Guide to Organizing Court Support
Marijuana is not just medicine in states that have Medical Marijuana laws. Medical marijuana patients are getting arrested, going to trial, and going to jail all over the country. As advocates, it is our job to highlight these injustices both in state and federal courts.
Federal laws make it difficult for patients and caregivers to speak out about medical marijuana because of fear of harassment, arrest, and imprisonment. That is why supporting someone whose use is already in the public eye is a good way to bring this crisis to your community's attention.
Hundreds of Californian medical marijuana patients went to jail before the law changed in 1996. Several of these patients and caregivers stood up in the public eye and pointed out the injustices facing them, which helped define medical marijuana's place in California politics.
What is court support?
Court support is a group of tactics used to support a patient or caregiver while they are going through state and federal legal systems. It is important to understand as activists, we posses a toolbox of tactics we can use. Just like any tools, it is important to decide which tools are appropriate for any situation. Listed below are some examples. You may want to use some or all of them depending on the situation. Remember the health and safety of the defendant must ALWAYS be your first priority.
- Get all the facts straight: Before you contact the press, make sure you have a first or at least second-hand account of what has happened. Get contact numbers for the defendant and anyone they would like to speak on their behalf: their attorney, family members, local officials, doctors etc. Make sure to let the press know you help them with interviews.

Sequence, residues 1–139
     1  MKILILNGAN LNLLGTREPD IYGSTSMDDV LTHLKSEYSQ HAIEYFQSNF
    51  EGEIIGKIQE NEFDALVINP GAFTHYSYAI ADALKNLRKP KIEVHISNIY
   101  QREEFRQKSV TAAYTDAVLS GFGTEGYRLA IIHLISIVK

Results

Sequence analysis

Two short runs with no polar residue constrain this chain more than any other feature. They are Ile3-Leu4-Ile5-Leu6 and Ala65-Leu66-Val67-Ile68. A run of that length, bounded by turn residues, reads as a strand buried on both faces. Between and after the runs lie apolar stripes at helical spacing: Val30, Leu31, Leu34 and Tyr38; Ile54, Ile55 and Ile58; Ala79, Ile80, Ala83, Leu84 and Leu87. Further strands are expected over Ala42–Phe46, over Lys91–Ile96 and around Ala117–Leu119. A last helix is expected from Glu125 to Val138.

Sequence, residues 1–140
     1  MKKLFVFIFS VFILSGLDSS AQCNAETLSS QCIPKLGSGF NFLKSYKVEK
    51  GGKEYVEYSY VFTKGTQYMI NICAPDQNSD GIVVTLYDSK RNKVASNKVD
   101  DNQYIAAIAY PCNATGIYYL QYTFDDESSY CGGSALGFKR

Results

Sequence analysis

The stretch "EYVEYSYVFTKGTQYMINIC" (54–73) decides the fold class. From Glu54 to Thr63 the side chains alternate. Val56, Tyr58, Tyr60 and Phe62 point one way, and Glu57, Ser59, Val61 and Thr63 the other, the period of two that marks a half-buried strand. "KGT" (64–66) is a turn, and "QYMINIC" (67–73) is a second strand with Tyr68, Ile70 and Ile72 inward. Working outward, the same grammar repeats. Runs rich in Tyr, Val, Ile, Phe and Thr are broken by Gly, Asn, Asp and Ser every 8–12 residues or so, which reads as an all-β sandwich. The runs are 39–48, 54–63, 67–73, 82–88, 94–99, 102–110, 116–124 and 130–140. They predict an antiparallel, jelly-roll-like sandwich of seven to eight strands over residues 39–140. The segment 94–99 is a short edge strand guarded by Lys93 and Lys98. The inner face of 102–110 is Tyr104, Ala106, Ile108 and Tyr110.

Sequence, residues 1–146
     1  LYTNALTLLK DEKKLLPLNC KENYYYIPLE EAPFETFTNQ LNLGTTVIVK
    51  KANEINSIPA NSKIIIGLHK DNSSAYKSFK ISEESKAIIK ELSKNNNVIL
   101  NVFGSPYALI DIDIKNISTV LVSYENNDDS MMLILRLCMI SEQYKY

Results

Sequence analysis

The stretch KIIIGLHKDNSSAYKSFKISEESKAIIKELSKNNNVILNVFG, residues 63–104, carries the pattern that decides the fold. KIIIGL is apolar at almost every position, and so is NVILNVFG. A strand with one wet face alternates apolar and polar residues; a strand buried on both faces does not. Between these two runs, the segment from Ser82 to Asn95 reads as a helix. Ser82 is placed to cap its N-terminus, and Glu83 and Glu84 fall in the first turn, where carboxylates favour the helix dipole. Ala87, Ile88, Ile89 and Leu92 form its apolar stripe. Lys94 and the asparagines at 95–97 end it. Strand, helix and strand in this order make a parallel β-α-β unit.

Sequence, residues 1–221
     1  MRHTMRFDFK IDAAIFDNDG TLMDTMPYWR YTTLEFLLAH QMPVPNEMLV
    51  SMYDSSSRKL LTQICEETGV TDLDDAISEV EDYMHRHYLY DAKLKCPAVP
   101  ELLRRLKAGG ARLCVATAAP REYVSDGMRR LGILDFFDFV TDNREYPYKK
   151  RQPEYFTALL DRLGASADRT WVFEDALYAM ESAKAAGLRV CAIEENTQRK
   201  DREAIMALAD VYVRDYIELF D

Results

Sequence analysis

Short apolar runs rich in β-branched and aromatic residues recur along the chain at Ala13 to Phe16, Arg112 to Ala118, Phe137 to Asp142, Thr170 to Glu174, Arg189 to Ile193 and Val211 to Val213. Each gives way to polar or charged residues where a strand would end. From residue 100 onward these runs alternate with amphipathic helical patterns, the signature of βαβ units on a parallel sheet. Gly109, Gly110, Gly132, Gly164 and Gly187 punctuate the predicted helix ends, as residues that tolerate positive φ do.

- Contact local media about case: Either immediately following the raid or a week before a hearing you should send a press advisory to your local press outlets letting them know that a medical marijuana patient has been arrested and is awaiting trial.
- Press Release: Before a courtdate, hearing, or any other relevant event it is a good idea to send a press release at least 24 hours in advance. A press release lets the press know who, when, where, and what. Press releases have very specific formats, so if it is your first release, check out ASA's media manual for tips and tricks of the trade.
- Backgrounder: Medical marijuana trials can be very confusing for the public and press. It is a good idea to have a one-page handout to give to the press that explains the specifics of the case, information about the state laws, and information about the state-federal conflict.
- Press Conferences: Press conferences should only be between 10-30 minutes long. Having a MC can help keep things moving. Make sure everyone knows the speakers order, only have a press conference when there is something NEW to say, make sure someone helps the press set up and get all the interviews they need, and don't forget signs and visuals!